What are eye diseases?
“Eye diseases” is a term used to refer to a group of diseases relating to eye function. Some of them are minor and go away, while others can cause vision loss.
When it comes to signs of eye disease, more people worry about turning blind rather than losing their ability to hear or walk, and almost half of them still, do not want to get their eyes checked.
Below we have compiled a list of some of the more common types of eye diseases and how they are treated in general.
Pink eye, or conjunctivitis, is redness and inflammation of the thin, protective membrane that covers the surface of the eye and inside of the eyeballs – conjunctiva. The common causes are viruses, bacteria, allergens and other irritants like dust and smoke. This eye disease is highly contagious and is usually accompanied by increased tearing and/or discharge.
While most cases of conjunctivitis are viral which do not need treatment with antibiotics and improve within two weeks, others are bacterial and must be treated with antibiotic drops or by treatment by an eye doctor.
Floaters are spots, weblike lines, or rings drifting around the field of vision. They are generally caused by ageing changes in the vitreous jelly of the eye. Eye floaters are mostly harmless and fade away over time, but if someone develops multiple floaters or floaters with pain, floater removal becomes necessary.
There is no definitive treatment for floaters. However, since they can very well be a symptom of something more serious, it is imperative to see an ophthalmologist for eye floaters treatment in the case of impaired vision.
Diabetic Eye Disease
“Diabetic Eye disease” is a blanket term for a host of eye diseases that can affect people with type 1 or type 2 diabetes. These eye problems include cataracts, diabetic retinopathy and glaucoma.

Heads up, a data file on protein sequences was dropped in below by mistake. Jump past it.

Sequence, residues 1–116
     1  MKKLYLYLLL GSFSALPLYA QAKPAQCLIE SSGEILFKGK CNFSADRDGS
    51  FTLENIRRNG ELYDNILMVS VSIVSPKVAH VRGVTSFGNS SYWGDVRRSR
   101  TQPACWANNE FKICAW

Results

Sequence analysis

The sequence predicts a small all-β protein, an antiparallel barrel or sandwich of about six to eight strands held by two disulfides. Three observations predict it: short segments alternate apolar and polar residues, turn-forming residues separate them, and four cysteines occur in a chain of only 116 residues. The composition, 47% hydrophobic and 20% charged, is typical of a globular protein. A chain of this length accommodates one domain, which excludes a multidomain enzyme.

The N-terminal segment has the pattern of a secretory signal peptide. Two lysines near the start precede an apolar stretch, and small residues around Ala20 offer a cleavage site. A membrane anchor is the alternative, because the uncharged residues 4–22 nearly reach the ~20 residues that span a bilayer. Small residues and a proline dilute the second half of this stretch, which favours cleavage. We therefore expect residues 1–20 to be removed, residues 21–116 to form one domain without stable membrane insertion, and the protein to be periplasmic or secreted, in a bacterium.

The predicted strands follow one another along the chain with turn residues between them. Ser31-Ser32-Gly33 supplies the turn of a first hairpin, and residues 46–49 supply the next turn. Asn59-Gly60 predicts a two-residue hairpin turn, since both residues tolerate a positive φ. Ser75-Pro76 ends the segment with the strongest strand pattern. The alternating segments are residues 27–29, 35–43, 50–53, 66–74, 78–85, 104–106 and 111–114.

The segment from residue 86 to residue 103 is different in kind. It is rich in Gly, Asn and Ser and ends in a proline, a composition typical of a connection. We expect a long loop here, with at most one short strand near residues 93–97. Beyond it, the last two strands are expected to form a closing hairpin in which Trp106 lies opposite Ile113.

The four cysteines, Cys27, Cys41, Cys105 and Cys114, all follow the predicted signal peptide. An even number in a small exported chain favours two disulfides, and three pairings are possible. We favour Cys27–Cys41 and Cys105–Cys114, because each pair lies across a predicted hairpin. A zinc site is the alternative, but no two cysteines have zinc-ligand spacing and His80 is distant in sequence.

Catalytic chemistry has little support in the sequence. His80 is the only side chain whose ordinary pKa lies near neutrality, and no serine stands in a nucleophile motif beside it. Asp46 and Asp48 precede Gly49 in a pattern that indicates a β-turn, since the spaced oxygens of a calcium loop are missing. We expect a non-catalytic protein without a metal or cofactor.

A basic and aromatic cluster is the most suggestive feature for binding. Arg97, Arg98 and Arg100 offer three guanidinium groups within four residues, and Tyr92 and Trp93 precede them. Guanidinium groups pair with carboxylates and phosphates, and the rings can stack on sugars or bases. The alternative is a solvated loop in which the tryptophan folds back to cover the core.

- Diabetic Retinopathy – Diabetic people often have problems with their blood vessels throughout the body. Similarly, diabetic retinopathy affects the blood vessels in the back of the eye.
The treatment of diabetic retinopathy generally involves a laser surgery, but it too has side effects. So, the best way to prevent it is with a healthy lifestyle and strict glucose control.
- Glaucoma – Also, called “the silent thief of sight,” glaucoma is the elevation in intraocular pressure (IOP) within the eye, which affects the optic nerve with no symptoms or signs in the early stages of the disease. If the condition is not treated, it can lead to a decrease in peripheral vision and eventually cause vision loss.
While there is no cure for glaucoma, progressions of glaucoma can be halted or slowed with eye drops, laser treatments; and hence early examination and detection is the key.
- Cataracts – A cataract is known as a painless cloudy lens in the eye that results in blurry vision. In most of the cases, cataract slowly progresses as we age, but there are many other causes of cataracts like trauma, diabetes, some medications, and excessive UV light exposure.
A normal eye exam can detect a cataract. Treatments for cataracts include magnifying lenses, eyeglasses, or surgery. In the surgery, the cloudy lens is replaced with an artificial one.
It is a chronic, progressive disease that gradually destroys the macula, a tiny spot in the central portion of the retina that helps with focus. It is mostly associated with ageing and hence is also known as age-related macular degeneration (AMD). It rarely causes total blindness.
There are two forms of AMD –
- “dry” – central vision diminishes over time – due to the slow breakdown of the light-sensitive cells in the macula, this form is the most common and with no known treatment.
- “wet” – abnormal blood vessels start to grow beneath the retina, leaking fluid and blood, causing permanent damage to light-sensitive retinal cells and the loss of central vision, this form is less common and can be treated with laser procedures.
Taking proper care of eyes is important to protect your vision. And therefore, there are certain steps that you must follow – Always use eye protection to avoid injuries, wear sunglasses to protect your eyes from harmful UV rays, be proactive in your eye health, and visit an ophthalmologist if you notice any symptoms of the disorders discussed above.